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An analysis of hatching success in the great reed warbler Acrocephalus arundinaceus

Knape, Jonas LU ; Sköld, Martin LU ; Jonzén, Niclas LU ; Åkesson, Mikael LU ; Bensch, Staffan LU ; Hansson, Bengt LU and Hasselquist, Dennis LU (2008) In Oikos 117(3). p.430-438
Abstract
Hatching success is a potentially important fitness component for avian species. Previous studies of hatching success in natural populations have primarily focused on effects of inbreeding but a general understanding of variation in hatching success is lacking. We analyse data on hatching success in a population of great reed warblers Acrocephalus arundinaceus in Lake Kvismaren in south central Sweden. The effects of a range of covariates, including three measures of inbreeding as well as effects of classifications in the data (such as identities of individuals), on hatching success are analysed simultaneously. This is done by means of fitting Bayesian binomial mixed models using Markov chain Monte Carlo methods. Using random effects for... (More)
Hatching success is a potentially important fitness component for avian species. Previous studies of hatching success in natural populations have primarily focused on effects of inbreeding but a general understanding of variation in hatching success is lacking. We analyse data on hatching success in a population of great reed warblers Acrocephalus arundinaceus in Lake Kvismaren in south central Sweden. The effects of a range of covariates, including three measures of inbreeding as well as effects of classifications in the data (such as identities of individuals), on hatching success are analysed simultaneously. This is done by means of fitting Bayesian binomial mixed models using Markov chain Monte Carlo methods. Using random effects for each individual parent we check for unexplained variation in hatching success among male and female individuals and compare it to effects of covariates such as degree of inbreeding. Model selection showed that there was a significant amount of unexplained variation in hatching probability between females. This was manifested by a few females laying eggs with a substantially lower hatching success than the majority of the females. The deviations were of the same order of magnitude as the significant effect of parent relatedness on hatching success. Whereas the negative effect of parent relatedness on hatchability is an expression of inbreeding, the female individual effect is not due to inbreeding and could reflect maternal effects, that females differ in fertilisation and/or incubation ability, or an over representation of genetic components from the female acting on the early developing embryo. (Less)
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author
organization
publishing date
type
Contribution to journal
publication status
published
subject
in
Oikos
volume
117
issue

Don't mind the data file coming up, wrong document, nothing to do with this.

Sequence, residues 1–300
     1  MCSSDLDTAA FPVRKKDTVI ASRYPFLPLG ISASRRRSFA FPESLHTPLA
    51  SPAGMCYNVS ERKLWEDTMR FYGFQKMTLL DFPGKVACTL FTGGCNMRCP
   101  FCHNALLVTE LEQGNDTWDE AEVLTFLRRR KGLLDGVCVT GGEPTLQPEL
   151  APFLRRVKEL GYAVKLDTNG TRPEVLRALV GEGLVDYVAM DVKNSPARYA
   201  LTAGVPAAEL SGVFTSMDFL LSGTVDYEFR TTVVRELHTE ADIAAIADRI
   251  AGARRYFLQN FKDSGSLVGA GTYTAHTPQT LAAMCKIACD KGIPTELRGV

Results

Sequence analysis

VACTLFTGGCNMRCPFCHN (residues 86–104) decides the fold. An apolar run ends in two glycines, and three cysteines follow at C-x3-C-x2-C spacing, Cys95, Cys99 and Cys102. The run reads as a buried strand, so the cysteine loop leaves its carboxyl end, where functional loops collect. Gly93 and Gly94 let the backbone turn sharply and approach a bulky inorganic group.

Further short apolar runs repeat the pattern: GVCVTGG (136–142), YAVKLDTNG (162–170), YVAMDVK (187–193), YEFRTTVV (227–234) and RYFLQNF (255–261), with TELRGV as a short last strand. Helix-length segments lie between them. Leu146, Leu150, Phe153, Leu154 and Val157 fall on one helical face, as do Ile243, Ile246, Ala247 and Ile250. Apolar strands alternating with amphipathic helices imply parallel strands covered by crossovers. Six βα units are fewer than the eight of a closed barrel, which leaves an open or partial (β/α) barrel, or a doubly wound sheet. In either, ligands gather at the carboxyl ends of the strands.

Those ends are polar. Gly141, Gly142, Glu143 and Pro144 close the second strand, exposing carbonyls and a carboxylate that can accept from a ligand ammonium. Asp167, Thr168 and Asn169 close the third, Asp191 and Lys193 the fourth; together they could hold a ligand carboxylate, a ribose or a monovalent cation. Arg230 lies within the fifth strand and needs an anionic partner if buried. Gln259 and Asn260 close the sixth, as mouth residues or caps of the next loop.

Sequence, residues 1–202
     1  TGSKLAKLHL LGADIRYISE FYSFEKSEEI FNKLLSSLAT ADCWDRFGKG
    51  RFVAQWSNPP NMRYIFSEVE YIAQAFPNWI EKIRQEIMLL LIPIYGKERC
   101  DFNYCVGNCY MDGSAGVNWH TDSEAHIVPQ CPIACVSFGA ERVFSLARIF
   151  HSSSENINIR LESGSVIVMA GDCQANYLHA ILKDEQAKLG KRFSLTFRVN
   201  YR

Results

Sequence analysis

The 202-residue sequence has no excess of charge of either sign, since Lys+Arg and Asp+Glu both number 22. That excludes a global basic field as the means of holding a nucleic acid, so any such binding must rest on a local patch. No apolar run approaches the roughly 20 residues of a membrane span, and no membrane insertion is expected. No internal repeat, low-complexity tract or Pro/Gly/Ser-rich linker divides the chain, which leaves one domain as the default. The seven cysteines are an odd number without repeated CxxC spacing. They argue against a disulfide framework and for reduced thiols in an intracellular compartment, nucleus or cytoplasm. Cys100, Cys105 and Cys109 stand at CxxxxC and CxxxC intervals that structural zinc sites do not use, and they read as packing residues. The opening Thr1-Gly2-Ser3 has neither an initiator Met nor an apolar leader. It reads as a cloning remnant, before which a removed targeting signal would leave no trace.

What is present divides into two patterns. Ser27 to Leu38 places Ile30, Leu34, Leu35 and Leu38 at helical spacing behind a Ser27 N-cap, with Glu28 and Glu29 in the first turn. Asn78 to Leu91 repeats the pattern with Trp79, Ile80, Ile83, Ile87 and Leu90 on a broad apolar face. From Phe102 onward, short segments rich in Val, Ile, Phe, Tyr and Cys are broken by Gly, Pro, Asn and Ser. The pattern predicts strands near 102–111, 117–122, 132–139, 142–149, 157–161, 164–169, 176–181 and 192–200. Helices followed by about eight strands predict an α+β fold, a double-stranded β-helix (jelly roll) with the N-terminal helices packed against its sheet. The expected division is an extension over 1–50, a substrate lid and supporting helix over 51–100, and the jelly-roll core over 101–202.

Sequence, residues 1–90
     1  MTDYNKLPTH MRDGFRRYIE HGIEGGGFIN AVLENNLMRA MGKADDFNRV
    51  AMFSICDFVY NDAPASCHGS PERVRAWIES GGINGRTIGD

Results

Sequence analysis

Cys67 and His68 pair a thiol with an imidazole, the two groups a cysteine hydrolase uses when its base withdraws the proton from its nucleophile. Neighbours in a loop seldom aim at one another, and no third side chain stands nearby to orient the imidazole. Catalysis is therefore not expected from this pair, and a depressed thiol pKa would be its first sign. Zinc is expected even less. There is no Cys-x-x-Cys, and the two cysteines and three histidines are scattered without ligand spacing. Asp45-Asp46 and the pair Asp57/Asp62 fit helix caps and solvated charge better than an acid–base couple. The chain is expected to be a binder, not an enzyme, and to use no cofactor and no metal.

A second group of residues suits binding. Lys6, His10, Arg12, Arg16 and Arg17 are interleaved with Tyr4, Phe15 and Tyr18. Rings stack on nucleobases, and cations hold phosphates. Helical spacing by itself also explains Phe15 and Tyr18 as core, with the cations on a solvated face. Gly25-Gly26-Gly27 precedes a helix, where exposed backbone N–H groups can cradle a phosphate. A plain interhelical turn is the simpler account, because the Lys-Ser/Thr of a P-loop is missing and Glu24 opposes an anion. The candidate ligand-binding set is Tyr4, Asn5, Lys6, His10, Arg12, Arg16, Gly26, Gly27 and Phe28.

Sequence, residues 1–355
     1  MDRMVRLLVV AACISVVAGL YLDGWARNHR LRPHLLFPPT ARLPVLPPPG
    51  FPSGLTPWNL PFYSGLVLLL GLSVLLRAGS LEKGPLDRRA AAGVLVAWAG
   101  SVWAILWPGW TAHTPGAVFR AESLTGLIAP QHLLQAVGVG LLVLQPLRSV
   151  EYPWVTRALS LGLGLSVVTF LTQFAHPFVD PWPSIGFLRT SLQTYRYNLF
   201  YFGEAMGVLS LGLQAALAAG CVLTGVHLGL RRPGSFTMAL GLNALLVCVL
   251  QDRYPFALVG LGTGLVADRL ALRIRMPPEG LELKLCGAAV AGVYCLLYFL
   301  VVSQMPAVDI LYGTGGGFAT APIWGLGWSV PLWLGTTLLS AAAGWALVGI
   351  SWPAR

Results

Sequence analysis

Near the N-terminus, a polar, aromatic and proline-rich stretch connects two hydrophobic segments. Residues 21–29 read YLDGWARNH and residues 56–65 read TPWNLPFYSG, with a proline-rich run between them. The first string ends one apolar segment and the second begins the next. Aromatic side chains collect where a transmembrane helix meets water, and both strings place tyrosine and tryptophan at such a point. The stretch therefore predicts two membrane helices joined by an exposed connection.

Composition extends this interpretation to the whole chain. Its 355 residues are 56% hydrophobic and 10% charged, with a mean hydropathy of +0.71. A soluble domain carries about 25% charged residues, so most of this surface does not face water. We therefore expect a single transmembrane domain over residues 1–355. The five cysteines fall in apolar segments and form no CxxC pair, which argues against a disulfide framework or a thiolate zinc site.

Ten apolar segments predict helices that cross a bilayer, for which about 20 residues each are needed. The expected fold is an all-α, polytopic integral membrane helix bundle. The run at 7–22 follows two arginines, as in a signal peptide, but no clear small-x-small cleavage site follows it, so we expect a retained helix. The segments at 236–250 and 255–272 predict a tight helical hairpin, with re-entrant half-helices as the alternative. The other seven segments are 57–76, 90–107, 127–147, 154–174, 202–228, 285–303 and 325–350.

3
pages
430 - 438
publisher
Wiley-Blackwell
external identifiers
  • wos:000253634100014
  • scopus:39849108345
ISSN
1600-0706
DOI
10.1111/j.2007.0030-1299.16266.x
language
English
LU publication?
yes
id
9aecf12b-e6af-416c-9b76-26e52edc4c89 (old id 1193733)
date added to LUP
2008-09-09 10:09:29
date last changed
2017-03-12 03:31:36
@article{9aecf12b-e6af-416c-9b76-26e52edc4c89,
  abstract     = {Hatching success is a potentially important fitness component for avian species. Previous studies of hatching success in natural populations have primarily focused on effects of inbreeding but a general understanding of variation in hatching success is lacking. We analyse data on hatching success in a population of great reed warblers Acrocephalus arundinaceus in Lake Kvismaren in south central Sweden. The effects of a range of covariates, including three measures of inbreeding as well as effects of classifications in the data (such as identities of individuals), on hatching success are analysed simultaneously. This is done by means of fitting Bayesian binomial mixed models using Markov chain Monte Carlo methods. Using random effects for each individual parent we check for unexplained variation in hatching success among male and female individuals and compare it to effects of covariates such as degree of inbreeding. Model selection showed that there was a significant amount of unexplained variation in hatching probability between females. This was manifested by a few females laying eggs with a substantially lower hatching success than the majority of the females. The deviations were of the same order of magnitude as the significant effect of parent relatedness on hatching success. Whereas the negative effect of parent relatedness on hatchability is an expression of inbreeding, the female individual effect is not due to inbreeding and could reflect maternal effects, that females differ in fertilisation and/or incubation ability, or an over representation of genetic components from the female acting on the early developing embryo.},
  author       = {Knape, Jonas and Sköld, Martin and Jonzén, Niclas and Åkesson, Mikael and Bensch, Staffan and Hansson, Bengt and Hasselquist, Dennis},
  issn         = {1600-0706},
  language     = {eng},
  number       = {3},
  pages        = {430--438},
  publisher    = {Wiley-Blackwell},
  series       = {Oikos},
  title        = {An analysis of hatching success in the great reed warbler Acrocephalus arundinaceus},
  url          = {http://dx.doi.org/10.1111/j.2007.0030-1299.16266.x},
  volume       = {117},
  year         = {2008},
}